If you’re stopping by for steel, aluminum, or other materials; we are also an authorized depot of Praxair gas. We keep a variety of essential gasses in stock for ours and your team’s needs.
About welding gasses
Shielding gases, sometimes referred to as MIG (Metal Inert Gas) and TIG (Tungsten Inert Gas), are inert or semi-inert gases that are frequently employed in a variety of welding techniques, most notably gas metal arc welding (GMAW) and gas tungsten arc welding (GTAW).
They serve as a barrier between the weld area and air and water vapor.
These air gases can affect the quality of the weld or make it more challenging, depending on the materials being welded.
The weld is shielded from the atmosphere using other techniques in other arc welding procedures as well. In shielded metal arc welding, for instance, an electrode is covered in flux that when consumed creates carbon dioxide, a semi-inert gas that is suitable for welding steel.
The most often used fuel gas for gas welding and gas cutting is acetylene.
Because acetylene is so widely used, the terms “oxyacetylene welding” and “oxyacetylene cutting” are frequently used in place of “gas welding” and “gas cutting.”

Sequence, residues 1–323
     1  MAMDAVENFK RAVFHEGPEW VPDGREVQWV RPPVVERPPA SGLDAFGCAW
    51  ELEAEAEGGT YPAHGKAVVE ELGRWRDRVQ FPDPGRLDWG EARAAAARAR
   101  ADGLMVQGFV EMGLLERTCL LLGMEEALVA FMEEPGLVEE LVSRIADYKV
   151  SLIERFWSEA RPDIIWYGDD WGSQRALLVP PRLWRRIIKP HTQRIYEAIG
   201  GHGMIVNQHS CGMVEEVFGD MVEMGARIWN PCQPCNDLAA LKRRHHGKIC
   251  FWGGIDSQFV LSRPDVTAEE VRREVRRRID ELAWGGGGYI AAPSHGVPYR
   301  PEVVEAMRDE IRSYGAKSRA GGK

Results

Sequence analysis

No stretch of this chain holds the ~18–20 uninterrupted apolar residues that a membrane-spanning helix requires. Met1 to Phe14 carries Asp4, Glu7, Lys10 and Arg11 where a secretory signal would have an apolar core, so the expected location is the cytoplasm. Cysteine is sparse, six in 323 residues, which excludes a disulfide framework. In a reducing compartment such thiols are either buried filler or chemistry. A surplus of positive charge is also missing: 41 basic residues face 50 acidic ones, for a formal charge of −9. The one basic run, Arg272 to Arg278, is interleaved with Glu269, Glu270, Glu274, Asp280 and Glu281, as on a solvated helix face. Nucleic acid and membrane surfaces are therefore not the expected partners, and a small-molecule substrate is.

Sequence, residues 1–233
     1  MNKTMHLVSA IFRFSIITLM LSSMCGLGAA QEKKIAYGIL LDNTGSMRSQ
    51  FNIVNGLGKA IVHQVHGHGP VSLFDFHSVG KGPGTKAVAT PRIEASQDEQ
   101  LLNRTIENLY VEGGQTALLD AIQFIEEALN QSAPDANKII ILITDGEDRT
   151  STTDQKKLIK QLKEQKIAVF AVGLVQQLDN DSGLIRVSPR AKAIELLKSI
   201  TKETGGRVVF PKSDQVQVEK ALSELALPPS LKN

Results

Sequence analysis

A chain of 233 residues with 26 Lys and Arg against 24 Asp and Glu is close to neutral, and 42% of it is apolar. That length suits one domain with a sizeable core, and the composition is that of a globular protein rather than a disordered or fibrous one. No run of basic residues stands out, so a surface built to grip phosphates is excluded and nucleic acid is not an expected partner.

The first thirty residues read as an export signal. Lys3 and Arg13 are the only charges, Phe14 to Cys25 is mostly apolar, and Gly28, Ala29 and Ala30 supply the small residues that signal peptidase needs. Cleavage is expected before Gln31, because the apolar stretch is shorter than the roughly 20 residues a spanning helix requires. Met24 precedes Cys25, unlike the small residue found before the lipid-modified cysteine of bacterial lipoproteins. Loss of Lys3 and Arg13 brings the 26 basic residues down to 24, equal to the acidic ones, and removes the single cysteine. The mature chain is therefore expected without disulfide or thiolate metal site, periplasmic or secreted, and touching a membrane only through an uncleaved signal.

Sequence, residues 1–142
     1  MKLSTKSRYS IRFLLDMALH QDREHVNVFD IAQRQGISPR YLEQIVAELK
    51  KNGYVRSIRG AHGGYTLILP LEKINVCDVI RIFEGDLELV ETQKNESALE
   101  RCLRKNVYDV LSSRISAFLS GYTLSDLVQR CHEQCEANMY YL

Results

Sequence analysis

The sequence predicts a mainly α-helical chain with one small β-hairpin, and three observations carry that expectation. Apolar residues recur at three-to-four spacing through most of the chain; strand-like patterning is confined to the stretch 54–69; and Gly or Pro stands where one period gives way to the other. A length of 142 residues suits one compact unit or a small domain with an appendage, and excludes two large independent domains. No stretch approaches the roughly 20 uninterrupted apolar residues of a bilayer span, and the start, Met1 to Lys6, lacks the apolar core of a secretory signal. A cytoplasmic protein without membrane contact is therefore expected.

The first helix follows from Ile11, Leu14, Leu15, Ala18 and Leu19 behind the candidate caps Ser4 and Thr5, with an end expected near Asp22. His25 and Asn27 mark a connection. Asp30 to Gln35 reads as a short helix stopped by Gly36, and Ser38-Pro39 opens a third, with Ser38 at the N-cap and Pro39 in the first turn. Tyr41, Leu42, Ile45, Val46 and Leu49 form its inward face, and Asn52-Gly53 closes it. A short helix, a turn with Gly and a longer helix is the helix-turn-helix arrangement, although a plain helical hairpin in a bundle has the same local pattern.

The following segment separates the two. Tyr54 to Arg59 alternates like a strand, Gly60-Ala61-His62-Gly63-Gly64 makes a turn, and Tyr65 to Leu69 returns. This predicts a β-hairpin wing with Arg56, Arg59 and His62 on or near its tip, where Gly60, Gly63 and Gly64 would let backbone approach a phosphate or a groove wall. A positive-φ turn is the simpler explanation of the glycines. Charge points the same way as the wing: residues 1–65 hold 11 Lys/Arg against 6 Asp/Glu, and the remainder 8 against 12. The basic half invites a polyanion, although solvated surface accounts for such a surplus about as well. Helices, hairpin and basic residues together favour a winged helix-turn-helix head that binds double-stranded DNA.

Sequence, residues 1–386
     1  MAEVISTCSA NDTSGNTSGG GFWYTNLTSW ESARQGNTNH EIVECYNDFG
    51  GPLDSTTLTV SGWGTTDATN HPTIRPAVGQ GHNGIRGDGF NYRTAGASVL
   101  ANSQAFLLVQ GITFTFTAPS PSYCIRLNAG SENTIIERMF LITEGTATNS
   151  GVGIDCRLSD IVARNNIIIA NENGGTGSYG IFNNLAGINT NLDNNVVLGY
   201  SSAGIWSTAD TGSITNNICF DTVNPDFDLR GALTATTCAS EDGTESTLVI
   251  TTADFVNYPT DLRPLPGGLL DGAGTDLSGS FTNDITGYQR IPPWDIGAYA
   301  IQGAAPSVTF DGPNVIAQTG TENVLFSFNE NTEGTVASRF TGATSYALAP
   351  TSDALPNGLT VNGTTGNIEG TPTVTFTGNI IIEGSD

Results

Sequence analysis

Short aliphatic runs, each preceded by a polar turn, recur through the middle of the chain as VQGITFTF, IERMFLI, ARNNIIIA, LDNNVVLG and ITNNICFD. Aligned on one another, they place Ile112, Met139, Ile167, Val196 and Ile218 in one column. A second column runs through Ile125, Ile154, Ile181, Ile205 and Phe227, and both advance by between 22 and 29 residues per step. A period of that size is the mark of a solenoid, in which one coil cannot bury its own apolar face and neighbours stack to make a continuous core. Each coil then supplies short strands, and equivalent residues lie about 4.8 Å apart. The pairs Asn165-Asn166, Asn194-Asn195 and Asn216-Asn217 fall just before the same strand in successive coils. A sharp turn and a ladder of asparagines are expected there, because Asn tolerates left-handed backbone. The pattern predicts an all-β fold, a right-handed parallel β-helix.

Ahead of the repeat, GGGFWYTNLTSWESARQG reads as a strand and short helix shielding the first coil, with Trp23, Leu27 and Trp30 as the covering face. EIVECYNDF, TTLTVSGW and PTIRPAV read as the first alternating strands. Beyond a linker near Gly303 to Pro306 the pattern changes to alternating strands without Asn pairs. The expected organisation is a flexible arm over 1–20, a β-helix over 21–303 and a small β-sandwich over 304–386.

Acetylene burns at a temperature between 3200 °C and 3500 °C (5800 °F and 6300 °F) when mixed with oxygen.
Comparing acetylene to other fuels, its high cost is its biggest drawback.
Additionally, acetylene is unstable at pressures greater than 33 feet (10 meters) underwater, making it unsuitable for underwater welding or cutting.
The recommended gas for underwater welding and cutting is hydrogen.
Acetylene is kept in special cylinders since it is unstable over 2.07 bar (30 PSI) pressure and may explode.
Oxy-propane is commonly used for cutting metals because it does not generate high temperatures like oxyacetylene, and therefore is not typically used for welding. However, oxy-propane cuts faster than oxyacetylene, and the cut edge is much cleaner than acetylene, which helps with heating and bending.
Propane gas is preferred for the heating and bending process. Propane is cheaper than acetylene and readily available. That is why oxy-propane is often used for scrap cutting. When mixed with oxygen, the maximum propane flame temperature is 2822°C (5112°F). For oxy-propane, a standard oxytorch can be used. However, it is not recommended. A special propane oxy torch is usually used. This is easier to light than an acetylene oxy torch and less likely to blow up.
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